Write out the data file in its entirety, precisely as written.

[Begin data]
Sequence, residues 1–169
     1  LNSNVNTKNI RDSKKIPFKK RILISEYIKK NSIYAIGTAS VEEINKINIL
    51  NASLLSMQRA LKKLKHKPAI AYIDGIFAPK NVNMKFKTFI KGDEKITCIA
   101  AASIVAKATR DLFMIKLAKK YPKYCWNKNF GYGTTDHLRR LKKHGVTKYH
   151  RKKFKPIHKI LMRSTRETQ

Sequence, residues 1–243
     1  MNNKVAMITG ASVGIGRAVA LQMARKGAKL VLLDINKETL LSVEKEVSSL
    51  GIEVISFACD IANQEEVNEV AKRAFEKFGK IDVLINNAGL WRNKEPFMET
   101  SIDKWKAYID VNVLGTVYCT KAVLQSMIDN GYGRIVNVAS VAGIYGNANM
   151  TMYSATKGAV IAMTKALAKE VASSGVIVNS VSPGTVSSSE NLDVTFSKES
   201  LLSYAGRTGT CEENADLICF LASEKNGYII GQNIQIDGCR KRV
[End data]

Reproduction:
Sequence, residues 1–169
     1  LNSNVNTKNI RDSKKIPFKK RILISEYIKK NSIYAIGTAS VEEINKINIL
    51  NASLLSMQRA LKKLKHKPAI AYIDGIFAPK NVNMKFKTFI KGDEKITCIA
   101  AASIVAKATR DLFMIKLAKK YPKYCWNKNF GYGTTDHLRR LKKHGVTKYH
   151  RKKFKPIHKI LMRSTRETQ

Sequence, residues 1–243
     1  MNNKVAMITG ASVGIGRAVA LQMARKGAKL VLLDINKETL LSVEKEVSSL
    51  GIEVISFACD IANQEEVNEV AKRAFEKFGK IDVLINNAGL WRNKEPFMET
   101  SIDKWKAYID VNVLGTVYCT KAVLQSMIDN GYGRIVNVAS VAGIYGNANM
   151  TMYSATKGAV IAMTKALAKE VASSGVIVNS VSPGTVSSSE NLDVTFSKES
   201  LLSYAGRTGT CEENADLICF LASEKNGYII GQNIQIDGCR KRV